Further vapor-phase corrosian inhibitors are described in DE 39 40 803, DE 199 03 400, DE 100 13 471, U.S. Pat. No. 4,200,542, EP 522 161 and JP 05-093 286.
 If hard plastics and plastic films equipped with VCI components are to be made available for modern packaging, shipping and storage technologies, and if VCI additives which are capable of guaranteeing VCI corrosion protection for the broadest possible range of utilitarian metals are to be used, then essentially the following problems must be overcome for their production:
 first, the high volatility of the VPI at temperatures at which the extrusion process is performed must be calculated into the process, because this can lead to extensive transfer of the inhibitors to the gaseous state and thus to significant losses of these substances and to foaming of the film, as well as violation of its intactness and thus to uncontrolled reduction in its strength and protective properties;
 secondly, it should be recalled that thermal decomposition of the corrosion inhibitors and chemical reactions of the components with one another and with the polymer matrix may occur in the course of processing of these mixtures during the extrusion process. This results on the whole in the significant advantage that many of the VPIs customary in the past are no longer applicable in this way and must be replaced by new types of active ingredients.
 The object of this invention is to provide sublimable corrosion-inhibiting substances and substance combinations that are improved in comparison with the traditional corrosion inhibitors whose advantages are described above, such that the substances and combinations of substances will sublime from the corresponding depot in particular under climate conditions that are of practical interest inside industrial packages and similar closed spaces at an adequate rate, and after adsorption and/or condensation on the surface of metals in said space, said substances will ensure conditions therein under which the conventional utilitarian metals will be reliably protected from atmospheric corrosion. Furthermore, another object of this invention is to provide methods of producing and processing such substances and substance combinations for production of improved VCI packaging materials.
 These objects are achieved with substance combinations and methods having the features of claims 1 and 5. Advantageous embodiments and applications of this invention are derived from the subclaims.
 The basic idea of this invention consists of providing substance combinations that are capable of sublimation and contain the following components:
 (1) an inorganic salt of nitrous acid,
 (2) a water-insoluble polysubstituted phenol,
 (3) an aliphatic ester of a dihydroxybenzoic acid, and
 (4) tocopherol (2,5,7,8-tetramethyl-2-(4′,8′,12′-trimethyltridecyl)chroman-6-ol).
 Furthermore, a bicyclic terpene or an aliphatically substituted naphthalene may optionally also be added as component (5) in coordination with components (1) through (4); this contributes to the fact that a sufficiently high emission rate results from these substance combinations consisting of representatives of components (1) through (4) even at relatively low temperatures and in air with permanently high levels of relative atmospheric humidity, and thus the reliability of the VCI corrosion protection is further improved.
 According to this invention, these substance combinations are used directly in the form of corresponding powdered mixtures or they are incorporated according to known methods as part of the production of VCI packaging materials, so that these packaging materials function as a VCI depot and allow the corrosion-preventing properties of the substance combinations according to this invention to be manifested to particular advantage.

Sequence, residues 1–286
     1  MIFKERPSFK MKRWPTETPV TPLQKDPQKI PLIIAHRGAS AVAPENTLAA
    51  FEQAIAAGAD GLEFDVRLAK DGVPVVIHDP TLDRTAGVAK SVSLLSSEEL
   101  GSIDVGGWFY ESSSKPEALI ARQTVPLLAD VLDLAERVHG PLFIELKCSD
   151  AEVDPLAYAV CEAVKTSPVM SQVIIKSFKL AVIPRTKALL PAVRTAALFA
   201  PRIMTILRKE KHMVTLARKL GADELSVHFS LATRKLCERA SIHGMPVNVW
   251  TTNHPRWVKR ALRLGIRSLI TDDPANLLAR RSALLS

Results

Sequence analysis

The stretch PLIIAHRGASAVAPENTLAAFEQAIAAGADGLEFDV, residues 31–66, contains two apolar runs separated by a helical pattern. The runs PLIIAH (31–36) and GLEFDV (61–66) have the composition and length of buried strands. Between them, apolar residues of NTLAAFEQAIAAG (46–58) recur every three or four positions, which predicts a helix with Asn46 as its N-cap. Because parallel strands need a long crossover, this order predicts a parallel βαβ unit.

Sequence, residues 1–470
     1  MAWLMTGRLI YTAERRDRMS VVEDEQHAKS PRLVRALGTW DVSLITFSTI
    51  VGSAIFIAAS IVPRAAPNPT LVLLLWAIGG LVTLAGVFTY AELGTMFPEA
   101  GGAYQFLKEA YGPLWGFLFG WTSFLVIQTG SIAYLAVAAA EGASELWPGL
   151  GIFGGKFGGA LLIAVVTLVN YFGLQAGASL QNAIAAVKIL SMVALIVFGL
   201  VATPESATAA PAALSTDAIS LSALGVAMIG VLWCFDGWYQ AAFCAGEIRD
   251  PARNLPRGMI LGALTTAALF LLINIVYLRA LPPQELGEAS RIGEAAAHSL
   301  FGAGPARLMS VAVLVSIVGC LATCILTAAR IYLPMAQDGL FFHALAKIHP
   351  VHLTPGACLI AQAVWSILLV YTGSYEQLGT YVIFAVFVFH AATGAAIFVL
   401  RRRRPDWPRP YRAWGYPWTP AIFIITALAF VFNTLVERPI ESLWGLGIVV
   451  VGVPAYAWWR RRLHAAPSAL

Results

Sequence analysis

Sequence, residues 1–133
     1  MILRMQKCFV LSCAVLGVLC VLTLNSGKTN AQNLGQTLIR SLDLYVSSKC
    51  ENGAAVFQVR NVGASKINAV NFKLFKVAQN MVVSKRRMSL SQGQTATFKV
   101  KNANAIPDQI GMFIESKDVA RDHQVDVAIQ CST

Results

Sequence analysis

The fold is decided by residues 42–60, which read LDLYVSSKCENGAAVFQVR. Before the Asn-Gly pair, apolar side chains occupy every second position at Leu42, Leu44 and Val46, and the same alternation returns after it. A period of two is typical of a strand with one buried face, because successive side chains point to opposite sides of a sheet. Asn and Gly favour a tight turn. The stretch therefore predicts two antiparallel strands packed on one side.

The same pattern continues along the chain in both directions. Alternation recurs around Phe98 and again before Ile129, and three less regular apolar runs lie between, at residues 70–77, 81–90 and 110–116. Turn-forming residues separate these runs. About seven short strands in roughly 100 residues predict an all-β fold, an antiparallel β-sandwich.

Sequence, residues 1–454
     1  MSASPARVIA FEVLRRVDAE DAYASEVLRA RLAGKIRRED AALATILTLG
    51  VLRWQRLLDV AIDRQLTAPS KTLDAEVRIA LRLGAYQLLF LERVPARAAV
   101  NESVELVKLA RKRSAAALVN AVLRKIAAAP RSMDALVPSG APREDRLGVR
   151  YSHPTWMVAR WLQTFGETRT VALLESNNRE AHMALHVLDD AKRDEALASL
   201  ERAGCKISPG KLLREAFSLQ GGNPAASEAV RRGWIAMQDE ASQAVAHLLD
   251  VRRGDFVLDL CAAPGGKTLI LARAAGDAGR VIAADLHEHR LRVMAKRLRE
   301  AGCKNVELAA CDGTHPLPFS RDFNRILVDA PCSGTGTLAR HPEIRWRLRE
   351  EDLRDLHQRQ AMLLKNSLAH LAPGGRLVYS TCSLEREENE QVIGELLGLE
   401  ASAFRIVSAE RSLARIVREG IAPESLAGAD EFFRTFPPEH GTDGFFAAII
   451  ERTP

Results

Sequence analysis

This invention also relates to the use of the amplified substance combinations as vapor-phase corrosion inhibitors in packages or in storage in closed spaces for protection of conventional utilitarian metals, such as iron, chromium, nickel, tin, zinc, aluminum, copper and their alloys to protect them against atmospheric corrosion. The substance combinations according to this invention are used in particular to protect the broad range of conventional utilitarian metals and their alloys in packages and during storage in similar closed spaces from atmospheric corrosion.
 The object of this invention is also a corrosion-inhibiting material containing one component which is an inorganic salt of nitrous acid and due to its oxidizing power on passivatable metals, causes the spontaneous formation of a passive oxide layer; also containing another component which is a poly-substituted phenol and is not soluble in water due to its properties but is adsorbable well on metal surfaces covered with a passive oxide, contributes to the stabilization of such metal surfaces from corrosion; also containing a component which is an aliphatic ester of a dihydroxybenzoic acid and surprisingly supports the effect of nitrites as a passivator and also contributes to the adsorptive stabilization of passive oxide layers; also containing a component which is a tocopherol (2,5,7,8-tetramethyl-2-4′,8′,12′-trimethyl-tridecyl)chroman-6-ol) and surprisingly inhibits the attacks of atmospheric oxygen or the nitritic component (1) in non-passivatable metals because of its property of functioning as an antioxidant, and also completely suppresses chemical reactions between the other components of the substance combinations according to this invention, so that their long-term stability is guaranteed; and finally also containing as another component a bicyclic terpene or an aliphatically substituted naphthalene, which because of its relatively high sublimation pressure and water vapor volatility, also functions as a carrier substance for the transport of active ingredients (1) through (4) through the gas space to the metal surface to be protected even at low temperatures and in the presence of atmospheric humidity with high relative atmospheric humidity levels, without having a negative corrosion-promoting effect on same but instead ensuring that the corrosion-preventing effect of the substance combinations according to this invention can be manifested fully. At the same time, a composition according to this invention may contain at least one inert filler.